• Brattain, Michael G (PI)

Project: Research project

Project Details


A multidisciplinary group will characterize growth regulation in
human colon neoplasms to identify growth regulatory targets for
development of anticolon cancer therapeutic agents. The in
vitro model system will consist of the types of cells found in
normal colon; hyperplastic polyps, adenomatous polyps and
carcinomas. Comparative analysis of the biological
characteristics of each type of cell will be made and include
tumorigenicity, ability to grow with anchorage independence,
metastatic capability and analysis of differentiation markers. A
profile of expression of growth regulatory mechanisms will be
established for each growth phenotype. This profile will provide
for the characterization of the dependence of the growth of
cellular phenotypes on specific autocrine growth factors,
exogenous growth factors and oncogenes. Cellular phenotype
specific interrelationships among these three types of molecules
will also be characterized. These characterizations will identify
autocrine factors which if uncoupled (either by antibodies or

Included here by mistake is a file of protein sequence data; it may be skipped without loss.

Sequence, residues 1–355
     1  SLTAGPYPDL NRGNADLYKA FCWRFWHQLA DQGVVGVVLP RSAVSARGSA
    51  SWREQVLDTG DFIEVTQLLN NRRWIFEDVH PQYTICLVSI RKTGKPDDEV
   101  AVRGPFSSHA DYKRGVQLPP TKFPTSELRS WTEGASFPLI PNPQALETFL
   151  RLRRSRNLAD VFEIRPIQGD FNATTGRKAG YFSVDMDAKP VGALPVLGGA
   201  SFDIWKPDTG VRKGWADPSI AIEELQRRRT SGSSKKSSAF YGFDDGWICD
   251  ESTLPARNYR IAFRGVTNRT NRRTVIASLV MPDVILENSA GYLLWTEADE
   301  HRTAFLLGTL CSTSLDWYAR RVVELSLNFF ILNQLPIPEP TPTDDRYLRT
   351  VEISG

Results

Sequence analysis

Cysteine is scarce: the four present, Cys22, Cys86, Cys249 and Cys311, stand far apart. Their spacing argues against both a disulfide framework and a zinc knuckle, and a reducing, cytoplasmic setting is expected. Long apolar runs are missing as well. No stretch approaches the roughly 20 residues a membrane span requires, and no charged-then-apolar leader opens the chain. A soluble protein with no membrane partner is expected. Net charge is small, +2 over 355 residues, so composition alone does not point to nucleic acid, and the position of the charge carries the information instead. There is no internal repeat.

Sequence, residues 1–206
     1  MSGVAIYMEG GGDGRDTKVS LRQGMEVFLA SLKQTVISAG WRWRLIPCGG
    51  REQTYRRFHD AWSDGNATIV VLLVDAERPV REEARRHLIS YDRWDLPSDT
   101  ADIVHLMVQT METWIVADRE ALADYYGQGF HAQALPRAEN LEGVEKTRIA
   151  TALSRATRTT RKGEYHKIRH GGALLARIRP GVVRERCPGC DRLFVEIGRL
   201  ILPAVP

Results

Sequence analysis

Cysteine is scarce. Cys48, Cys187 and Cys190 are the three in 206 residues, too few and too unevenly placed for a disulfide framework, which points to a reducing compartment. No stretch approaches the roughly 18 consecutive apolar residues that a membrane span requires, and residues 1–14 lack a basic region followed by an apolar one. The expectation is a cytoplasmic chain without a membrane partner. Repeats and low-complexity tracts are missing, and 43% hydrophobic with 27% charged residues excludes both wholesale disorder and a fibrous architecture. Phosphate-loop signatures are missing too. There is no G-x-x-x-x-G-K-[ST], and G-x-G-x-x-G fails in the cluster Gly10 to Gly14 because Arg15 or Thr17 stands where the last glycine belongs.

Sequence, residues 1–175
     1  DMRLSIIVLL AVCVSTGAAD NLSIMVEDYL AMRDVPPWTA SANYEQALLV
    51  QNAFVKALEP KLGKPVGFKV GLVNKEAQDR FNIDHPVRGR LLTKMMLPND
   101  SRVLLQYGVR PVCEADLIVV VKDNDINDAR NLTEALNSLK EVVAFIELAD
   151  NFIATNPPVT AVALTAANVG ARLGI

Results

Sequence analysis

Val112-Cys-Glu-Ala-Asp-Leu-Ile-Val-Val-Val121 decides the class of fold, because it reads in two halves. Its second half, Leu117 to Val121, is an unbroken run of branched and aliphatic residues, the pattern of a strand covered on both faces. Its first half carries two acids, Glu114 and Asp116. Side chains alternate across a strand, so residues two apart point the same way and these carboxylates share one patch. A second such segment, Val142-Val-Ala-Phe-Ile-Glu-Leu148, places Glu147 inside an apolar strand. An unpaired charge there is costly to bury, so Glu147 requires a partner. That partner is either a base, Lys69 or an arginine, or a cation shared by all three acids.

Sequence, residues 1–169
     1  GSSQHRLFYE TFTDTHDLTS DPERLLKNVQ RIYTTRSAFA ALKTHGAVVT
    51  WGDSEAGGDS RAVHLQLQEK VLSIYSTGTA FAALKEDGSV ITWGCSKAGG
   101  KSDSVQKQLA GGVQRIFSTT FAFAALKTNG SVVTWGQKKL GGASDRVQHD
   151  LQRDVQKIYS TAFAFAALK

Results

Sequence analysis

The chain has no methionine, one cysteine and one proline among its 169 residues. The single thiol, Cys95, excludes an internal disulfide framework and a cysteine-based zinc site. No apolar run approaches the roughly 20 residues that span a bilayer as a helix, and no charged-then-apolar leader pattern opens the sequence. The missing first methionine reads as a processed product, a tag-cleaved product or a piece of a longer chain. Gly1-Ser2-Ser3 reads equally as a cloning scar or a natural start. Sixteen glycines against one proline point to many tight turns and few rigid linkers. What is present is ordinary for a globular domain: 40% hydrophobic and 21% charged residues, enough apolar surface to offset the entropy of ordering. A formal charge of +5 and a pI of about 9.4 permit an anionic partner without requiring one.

analogues) could lead to a significant change in the dependent
cell's biological characteristics toward a more benign phenotype
or perhaps cell death. Uncoupling of synergistic inter-
relationships among these types of molecules could also produce
the same result. It will be determined whether modulation of the
growth regulatory phenotype associated with a cellular phenotype
will also result in the modulation of the biological properties
associated with the phenotype. This will be accomplished by
developing appropriate transfection vectors for the
overexpression of growth regulatory associated autocrine factors
and oncogenes in benign cells. Successfully transfected cells will
be tested for alterations in biological and growth regulatory
phenotypes. Some oncogenes have been associated with the
expression of differentiated functions in colon and other systems.
These will also be tested in transfection systems to determine
whether their overexpression will modulate malignant phenotypes
to more benign states. It will also be determined whether a series
of putative differentiation or inhibitory agents can affect the
biological and growth regulatory phenotypes in a similar manner.
Of particular interest will be the effects of differentiation
promoting transfections and the inhibitory agents on the
expression of growth regulatory molecules and their relationships
since the development of agents to mimic these effects could
allow for effective therapeutic intervention.
Effective start/end date9/3/875/31/92


  • National Institutes of Health: $9,927.00


  • Medicine(all)


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